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Why aren’t we allowed to feel ambiguous about Remembrance Day poppies?

What is ostensibly about solemn remembrance has become a carefully-policed identity question. But having mixed feelings about the symbol is reasonable.

Is it just me, or has the poppy thing got a bit . . . weird, this year? First it was the poppy photoshopped onto a photo of David Cameron, lest someone see an image of our Prime Minister this November without one, then Sienna Miller getting a public telling-off for appearing on a chat show without one on her dress. At Waterloo Station, huge ones have sprung up out of the concourse floor, and Jeremy Corbyn was on the Sun’s front page for not bowing low enough while laying his wreath at the Cenotaph.

I should make it clear at this point that I’m no pacifist. As an Air Cadet, I spent many cold weekends collecting for the Royal British Legion outside our local Budgens, often before heading to veterans’ events where we’d serve dinner in our Number 1 blues. I am an observer of two minute silences, and donate to the appeal every year. Early last August, I went down to parliament to see the lights turn off at 11pm, the time war was declared a century ago (it felt important).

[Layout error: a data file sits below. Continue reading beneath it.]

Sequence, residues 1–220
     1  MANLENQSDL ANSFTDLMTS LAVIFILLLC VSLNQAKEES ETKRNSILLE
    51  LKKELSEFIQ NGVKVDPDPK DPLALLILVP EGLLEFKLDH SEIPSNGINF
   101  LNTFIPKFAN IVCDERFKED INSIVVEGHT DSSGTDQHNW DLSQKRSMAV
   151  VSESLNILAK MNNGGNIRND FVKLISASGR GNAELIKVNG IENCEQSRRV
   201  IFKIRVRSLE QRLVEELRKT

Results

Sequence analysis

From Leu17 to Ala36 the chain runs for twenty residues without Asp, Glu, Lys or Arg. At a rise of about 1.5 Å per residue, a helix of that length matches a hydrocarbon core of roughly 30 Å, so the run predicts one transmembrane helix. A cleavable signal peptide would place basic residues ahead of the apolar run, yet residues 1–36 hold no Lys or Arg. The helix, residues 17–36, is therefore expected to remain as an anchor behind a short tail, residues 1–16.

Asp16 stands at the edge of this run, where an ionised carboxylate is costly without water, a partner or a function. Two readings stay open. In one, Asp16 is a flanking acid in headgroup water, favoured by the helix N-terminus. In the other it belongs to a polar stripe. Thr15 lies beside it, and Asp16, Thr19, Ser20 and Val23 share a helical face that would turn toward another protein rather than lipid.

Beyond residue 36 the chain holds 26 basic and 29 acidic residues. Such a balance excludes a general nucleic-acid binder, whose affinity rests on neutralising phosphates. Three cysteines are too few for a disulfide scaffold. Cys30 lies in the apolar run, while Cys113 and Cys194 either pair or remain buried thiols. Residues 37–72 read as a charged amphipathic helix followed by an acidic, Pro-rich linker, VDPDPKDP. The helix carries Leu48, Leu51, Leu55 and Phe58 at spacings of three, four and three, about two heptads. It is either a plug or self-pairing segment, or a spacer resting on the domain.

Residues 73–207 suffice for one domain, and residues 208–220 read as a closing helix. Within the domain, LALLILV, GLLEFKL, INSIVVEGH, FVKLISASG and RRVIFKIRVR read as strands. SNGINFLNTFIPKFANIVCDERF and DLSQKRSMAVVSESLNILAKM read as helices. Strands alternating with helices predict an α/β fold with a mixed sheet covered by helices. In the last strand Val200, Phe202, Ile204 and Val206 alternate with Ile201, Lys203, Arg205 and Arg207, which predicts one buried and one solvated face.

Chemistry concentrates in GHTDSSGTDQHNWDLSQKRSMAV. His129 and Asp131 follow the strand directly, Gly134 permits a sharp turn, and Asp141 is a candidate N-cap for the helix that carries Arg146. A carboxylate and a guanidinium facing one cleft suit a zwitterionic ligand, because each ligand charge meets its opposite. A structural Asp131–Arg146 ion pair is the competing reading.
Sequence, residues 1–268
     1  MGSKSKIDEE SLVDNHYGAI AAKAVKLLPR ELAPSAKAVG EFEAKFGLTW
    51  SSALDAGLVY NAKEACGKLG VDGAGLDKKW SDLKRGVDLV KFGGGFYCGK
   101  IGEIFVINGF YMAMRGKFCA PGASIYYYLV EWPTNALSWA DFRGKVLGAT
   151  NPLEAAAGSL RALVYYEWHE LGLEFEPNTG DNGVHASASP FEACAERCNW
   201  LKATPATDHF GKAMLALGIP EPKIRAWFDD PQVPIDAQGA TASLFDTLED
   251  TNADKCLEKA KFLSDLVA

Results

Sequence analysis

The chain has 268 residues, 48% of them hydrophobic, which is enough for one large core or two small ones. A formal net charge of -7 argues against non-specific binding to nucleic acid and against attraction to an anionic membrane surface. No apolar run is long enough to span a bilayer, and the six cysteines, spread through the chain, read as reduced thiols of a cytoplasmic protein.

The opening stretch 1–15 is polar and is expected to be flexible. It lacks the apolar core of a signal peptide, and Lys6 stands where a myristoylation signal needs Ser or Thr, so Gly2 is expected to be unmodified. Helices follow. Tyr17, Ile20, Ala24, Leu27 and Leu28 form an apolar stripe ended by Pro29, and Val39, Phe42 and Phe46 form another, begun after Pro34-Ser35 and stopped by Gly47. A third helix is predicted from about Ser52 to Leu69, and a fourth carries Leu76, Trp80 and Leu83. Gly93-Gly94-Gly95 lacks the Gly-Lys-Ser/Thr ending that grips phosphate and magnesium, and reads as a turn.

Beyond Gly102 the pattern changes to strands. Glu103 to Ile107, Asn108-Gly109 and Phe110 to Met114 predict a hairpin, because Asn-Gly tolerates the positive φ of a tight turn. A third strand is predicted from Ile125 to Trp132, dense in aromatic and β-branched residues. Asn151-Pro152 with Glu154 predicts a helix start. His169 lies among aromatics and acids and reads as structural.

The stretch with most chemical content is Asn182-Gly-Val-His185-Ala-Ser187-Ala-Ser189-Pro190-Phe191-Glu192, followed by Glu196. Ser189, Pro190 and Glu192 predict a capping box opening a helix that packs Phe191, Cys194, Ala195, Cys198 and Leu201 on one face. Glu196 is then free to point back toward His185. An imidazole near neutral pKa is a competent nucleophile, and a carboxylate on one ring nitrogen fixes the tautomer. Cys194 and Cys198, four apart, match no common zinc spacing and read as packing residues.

Yet the poppy hagiography, which seems to have reached new heights this winter following last year’s WW1 centenary celebrations, makes me uncomfortable  especially given how not only celebrities but even private citizens can now be criticised for not wearing one. 

No other charity seems to garner this kind of anxious paternalistic handwringing. There isn’t a Red Cross Day during which television presenters are berated for not wearing the organisation’s logo on their suits, or a yearly NSPCC drive where those who don’t engage are accused of disrespecting the nation’s children. In fact, ITV News presenter Charlene White doesn’t wear the poppy on air specifically because her job doesn’t permit, say, a World Aids Day ribbon to be shown on screen.

All of this might reasonably lead one to suspect the debate around the poppy is at least partially about something other than remembrance. Of course, the poppy has never been just about charity (although it oughtn’t to be about general support for the military either). The history of the poppy as a symbol of peace is long and complex, from its origins in John McCrae’s poem to the field of poppies which closes the last season of Blackadder, after the main characters are gunned down going over the top.